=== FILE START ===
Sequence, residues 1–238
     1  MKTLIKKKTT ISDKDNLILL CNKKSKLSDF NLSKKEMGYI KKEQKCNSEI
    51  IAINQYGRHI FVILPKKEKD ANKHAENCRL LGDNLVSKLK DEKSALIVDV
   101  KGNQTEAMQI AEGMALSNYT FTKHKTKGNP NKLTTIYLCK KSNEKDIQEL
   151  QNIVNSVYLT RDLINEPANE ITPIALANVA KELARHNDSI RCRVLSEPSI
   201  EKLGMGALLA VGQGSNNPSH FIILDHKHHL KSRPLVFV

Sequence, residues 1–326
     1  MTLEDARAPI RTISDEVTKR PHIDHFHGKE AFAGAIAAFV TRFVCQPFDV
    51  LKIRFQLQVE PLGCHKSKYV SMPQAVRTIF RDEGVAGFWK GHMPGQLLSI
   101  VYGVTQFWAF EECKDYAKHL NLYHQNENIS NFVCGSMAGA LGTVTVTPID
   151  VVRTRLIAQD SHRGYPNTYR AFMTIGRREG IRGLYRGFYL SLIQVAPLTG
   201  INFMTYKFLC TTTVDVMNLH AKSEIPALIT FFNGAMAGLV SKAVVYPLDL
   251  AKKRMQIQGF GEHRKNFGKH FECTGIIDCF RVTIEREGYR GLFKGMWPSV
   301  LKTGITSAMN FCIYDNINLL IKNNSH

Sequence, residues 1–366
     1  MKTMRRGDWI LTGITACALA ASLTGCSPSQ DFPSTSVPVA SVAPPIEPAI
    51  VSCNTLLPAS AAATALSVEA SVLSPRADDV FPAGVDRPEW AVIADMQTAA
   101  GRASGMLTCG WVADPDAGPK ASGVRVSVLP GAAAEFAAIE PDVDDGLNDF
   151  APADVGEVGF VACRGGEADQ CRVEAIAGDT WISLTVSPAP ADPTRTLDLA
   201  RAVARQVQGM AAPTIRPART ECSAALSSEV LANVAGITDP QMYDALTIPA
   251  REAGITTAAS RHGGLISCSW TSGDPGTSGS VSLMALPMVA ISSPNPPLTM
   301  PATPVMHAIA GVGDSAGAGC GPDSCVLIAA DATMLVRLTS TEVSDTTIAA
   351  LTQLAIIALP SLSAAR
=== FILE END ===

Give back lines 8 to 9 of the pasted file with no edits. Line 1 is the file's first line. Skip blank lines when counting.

     1  MTLEDARAPI RTISDEVTKR PHIDHFHGKE AFAGAIAAFV TRFVCQPFDV
    51  LKIRFQLQVE PLGCHKSKYV SMPQAVRTIF RDEGVAGFWK GHMPGQLLSI